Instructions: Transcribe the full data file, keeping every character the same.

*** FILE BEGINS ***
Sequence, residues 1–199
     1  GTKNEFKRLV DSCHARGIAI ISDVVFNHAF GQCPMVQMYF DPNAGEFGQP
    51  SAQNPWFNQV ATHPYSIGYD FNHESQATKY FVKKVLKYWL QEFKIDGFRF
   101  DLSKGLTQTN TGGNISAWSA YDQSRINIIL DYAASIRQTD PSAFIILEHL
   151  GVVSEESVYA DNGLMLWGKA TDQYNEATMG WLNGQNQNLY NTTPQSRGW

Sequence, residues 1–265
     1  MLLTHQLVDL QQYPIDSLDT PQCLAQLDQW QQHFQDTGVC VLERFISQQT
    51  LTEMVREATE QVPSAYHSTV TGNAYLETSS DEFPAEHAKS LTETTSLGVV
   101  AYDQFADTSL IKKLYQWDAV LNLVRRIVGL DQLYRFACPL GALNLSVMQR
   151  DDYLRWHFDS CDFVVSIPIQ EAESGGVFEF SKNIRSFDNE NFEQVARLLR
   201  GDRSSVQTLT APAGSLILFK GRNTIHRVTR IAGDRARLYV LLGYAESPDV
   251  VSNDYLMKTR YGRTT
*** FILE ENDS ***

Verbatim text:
Sequence, residues 1–199
     1  GTKNEFKRLV DSCHARGIAI ISDVVFNHAF GQCPMVQMYF DPNAGEFGQP
    51  SAQNPWFNQV ATHPYSIGYD FNHESQATKY FVKKVLKYWL QEFKIDGFRF
   101  DLSKGLTQTN TGGNISAWSA YDQSRINIIL DYAASIRQTD PSAFIILEHL
   151  GVVSEESVYA DNGLMLWGKA TDQYNEATMG WLNGQNQNLY NTTPQSRGW

Sequence, residues 1–265
     1  MLLTHQLVDL QQYPIDSLDT PQCLAQLDQW QQHFQDTGVC VLERFISQQT
    51  LTEMVREATE QVPSAYHSTV TGNAYLETSS DEFPAEHAKS LTETTSLGVV
   101  AYDQFADTSL IKKLYQWDAV LNLVRRIVGL DQLYRFACPL GALNLSVMQR
   151  DDYLRWHFDS CDFVVSIPIQ EAESGGVFEF SKNIRSFDNE NFEQVARLLR
   201  GDRSSVQTLT APAGSLILFK GRNTIHRVTR IAGDRARLYV LLGYAESPDV
   251  VSNDYLMKTR YGRTT